alexxkay: (Default)
Earlier this evening, I did some public storytelling for the first time in roughly a decade. I was kinda nervous. I was going with my favorite material (Astolfo and Giocondo), which is generally a crowdpleaser – but which is 30 minutes long. A flop at that length is a really big flop.

I am happy to report that I’ve still got what it takes, and I knocked ‘em dead :)

Seems like a fun group of people, and they’ve liked my material so far. I’m definitely going to try and make it to next month’s event also. April, thanks again for letting me know about this. And Doria, thanks even more for making it happen!
alexxkay: (Bar Harbor)
I really like this indie horror film (though Kestrell was “meh”). It’s sort of a mix of M.R. James’ “Casting the Runes” and an 80s slasher flick. The protagonist is being followed by an implacable monster that is guaranteed to kill them unless they passed this curse on to someone else first – by having sex with them. It’s the first time I’ve ever seen a sexually transmitted CURSE.

I thought it worked well on a number of levels. It’s a scary horror movie, obviously. It’s also in some ways a meditation on inevitable mortality, and the ways in which we try to avoid it; In a move that reverses the 80s trope that sex equals death, in this film sex is the only mechanism by which you can (temporarily) avert death. And it’s a great example of rules-based storytelling.

Being who I am, I feel compelled to analyze the rules in some detail. Naturally, this involves heavy spoilers.Read more... )
alexxkay: (Bar Harbor)
I dreamt I was watching a movie based on a pulp-crime novel written by James Nicoll[1]. The protagonist was a professional poker cheat who was *very* skilled at "shuffling" and "dealing" cards in a thoroughly non-random fashion. What I found neat was how they represented this in the film version: All the cards were face-up, and the actors other than the card sharp just pretended that they were typical face-down hidden information.

My subconscious seems to have conflated him with Mike Ford. In this dream-reality, James had written about a dozen novels, but mostly in different genres, so all of them remained fairly obscure.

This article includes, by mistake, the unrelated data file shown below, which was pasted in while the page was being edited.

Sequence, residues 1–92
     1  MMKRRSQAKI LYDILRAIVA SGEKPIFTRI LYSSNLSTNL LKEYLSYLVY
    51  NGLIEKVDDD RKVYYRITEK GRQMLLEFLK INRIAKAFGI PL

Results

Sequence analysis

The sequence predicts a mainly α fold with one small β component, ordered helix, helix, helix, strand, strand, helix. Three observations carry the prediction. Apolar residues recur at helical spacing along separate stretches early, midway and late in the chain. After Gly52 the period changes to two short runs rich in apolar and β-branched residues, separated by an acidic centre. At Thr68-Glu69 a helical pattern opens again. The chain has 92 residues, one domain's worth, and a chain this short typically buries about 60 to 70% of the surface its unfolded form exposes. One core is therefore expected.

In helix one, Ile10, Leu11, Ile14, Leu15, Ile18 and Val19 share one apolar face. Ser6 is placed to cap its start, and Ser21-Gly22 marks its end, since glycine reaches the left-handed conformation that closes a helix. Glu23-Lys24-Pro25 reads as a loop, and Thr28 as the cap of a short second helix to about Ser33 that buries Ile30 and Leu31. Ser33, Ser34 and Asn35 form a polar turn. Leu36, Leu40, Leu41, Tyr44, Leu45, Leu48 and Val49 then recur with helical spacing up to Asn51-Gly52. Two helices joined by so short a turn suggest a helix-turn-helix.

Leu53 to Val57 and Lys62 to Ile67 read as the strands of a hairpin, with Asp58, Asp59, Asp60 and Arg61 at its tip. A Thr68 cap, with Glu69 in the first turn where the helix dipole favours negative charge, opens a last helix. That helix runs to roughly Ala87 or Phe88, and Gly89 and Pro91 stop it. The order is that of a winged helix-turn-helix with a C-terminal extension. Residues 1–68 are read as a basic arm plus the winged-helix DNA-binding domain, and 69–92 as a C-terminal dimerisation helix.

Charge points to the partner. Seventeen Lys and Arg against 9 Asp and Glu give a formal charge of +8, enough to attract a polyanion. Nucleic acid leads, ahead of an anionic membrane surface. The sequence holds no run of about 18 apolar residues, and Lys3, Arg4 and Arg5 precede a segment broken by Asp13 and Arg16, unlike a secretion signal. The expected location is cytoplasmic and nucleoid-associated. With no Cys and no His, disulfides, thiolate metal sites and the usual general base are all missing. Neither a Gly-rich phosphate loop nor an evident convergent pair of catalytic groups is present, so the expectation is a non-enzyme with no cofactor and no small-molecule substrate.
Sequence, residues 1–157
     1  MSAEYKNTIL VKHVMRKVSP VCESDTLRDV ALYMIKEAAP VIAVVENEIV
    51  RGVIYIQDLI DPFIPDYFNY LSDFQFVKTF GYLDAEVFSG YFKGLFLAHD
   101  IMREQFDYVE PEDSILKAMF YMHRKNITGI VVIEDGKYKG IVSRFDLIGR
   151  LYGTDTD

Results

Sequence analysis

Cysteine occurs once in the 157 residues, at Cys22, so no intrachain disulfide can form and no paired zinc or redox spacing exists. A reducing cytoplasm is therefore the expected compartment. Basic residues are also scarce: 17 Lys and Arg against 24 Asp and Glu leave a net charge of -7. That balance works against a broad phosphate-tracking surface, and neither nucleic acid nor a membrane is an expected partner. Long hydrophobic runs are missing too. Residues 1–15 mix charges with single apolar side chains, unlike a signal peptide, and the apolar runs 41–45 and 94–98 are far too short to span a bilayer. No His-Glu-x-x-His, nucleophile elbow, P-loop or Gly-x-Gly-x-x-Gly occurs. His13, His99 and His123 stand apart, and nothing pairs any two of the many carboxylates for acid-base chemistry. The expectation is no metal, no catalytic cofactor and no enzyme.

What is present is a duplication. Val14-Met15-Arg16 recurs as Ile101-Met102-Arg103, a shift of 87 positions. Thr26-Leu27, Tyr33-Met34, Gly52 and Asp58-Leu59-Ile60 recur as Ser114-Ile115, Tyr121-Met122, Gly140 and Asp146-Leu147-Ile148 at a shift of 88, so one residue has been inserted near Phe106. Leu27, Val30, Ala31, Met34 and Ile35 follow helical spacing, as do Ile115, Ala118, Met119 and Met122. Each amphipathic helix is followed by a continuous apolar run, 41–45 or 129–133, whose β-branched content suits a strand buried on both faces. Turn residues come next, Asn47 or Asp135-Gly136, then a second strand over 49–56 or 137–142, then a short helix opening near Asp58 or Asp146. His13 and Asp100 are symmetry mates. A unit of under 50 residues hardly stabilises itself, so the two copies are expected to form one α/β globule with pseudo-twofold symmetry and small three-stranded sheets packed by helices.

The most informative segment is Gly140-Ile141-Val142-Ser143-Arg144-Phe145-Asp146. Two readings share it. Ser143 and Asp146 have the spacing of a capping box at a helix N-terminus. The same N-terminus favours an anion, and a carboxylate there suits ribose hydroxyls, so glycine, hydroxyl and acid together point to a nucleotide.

alexxkay: (Bar Harbor)
I’ve been a fan of Eric Shanower’s work for many years now. His in-progress magnum opus “Age of Bronze” is a detailed retelling of the entire Trojan War. To quote his own web site: “While everything in Age of Bronze is based on existing sources, whether mythological or archaeological, the final product is a version for the 21st century. All the comedy, all the tragedy, all the wide canvas of human drama of the Trojan War unfolds within the pages of Age of Bronze.” It gets a strong recommendation from me.

I just recently read the latest issue in paper form. AoB is one of the few comics I still have to read that way, due to it not coming out in ebook form. But I discovered, in the back matter, that AoB is, sort of, available digitally. The digital version is not in the now-standard model, but is a standalone iPad (only) app that (so far) only covers the first four issues. But, balancing these unfortunate restrictions, the digital version adds a LOT.

Firstly, the issues have been colored, very well, by John Dallaire. Shanower’s B&W art was 9and is) excellent on its own, but color is a valuable tool, well-deployed. Personally, I have trouble differentiating faces (the trouble is more in my brain than in Shanower’s art), so having different colored clothes significantly eases my comprehension of the story, especially in scenes involving many characters.

Secondly, there is a “Reader’s Guide” by Thomas Beasley, a mini-essay accompanying (optionally) every page, with a wealth of commentary, questions to consider, and links to the sources that Shanower is drawing upon. These are *very* well done, and it can’t be an easy job. To properly comment on this story, you need an extremely thorough understanding of mythology, literature, archaeology, and the formal concerns of comic book storytelling. Beasley appears to have all these well in hand. I’m 3.5 issues in, and I’ve only had one minor disagreement with what he’s said, while his essays have enhanced my understanding and appreciation of the book from their already high levels. It’s informative and scholarly, while being written in language any layman could understand.

It’s not *perfect*, of course. There are formatting bloopers here and there, and the interface, though serviceable, could stand improvement. But at $0.99 per issue, this is astonishingly underpriced.

If you like comics, or mythology, or ancient history, or just good storytelling, I cannot recommend this app too highly. Buy all four issues – the fourth covers the seduction/abduction of Helen and is an absolute masterwork, not to be missed. Seriously, go buy this; I want to encourage these folks to continue producing new issues.
alexxkay: (Default)
Just finished reading the latest issue of Locke & Key (with [livejournal.com profile] kestrell). At a point a few pages from the end, I had to break out of my narrating voice and say, "Well played, Joe Hill, well played." Since the very first issue, there's a silly little background detail that just got revealed to be a critical McGuffin, and clearly has been there all along, waiting to be revealed, becoming the final bit of setup for the concluding arc. I'm *really* looking forward to seeing how this all turns out!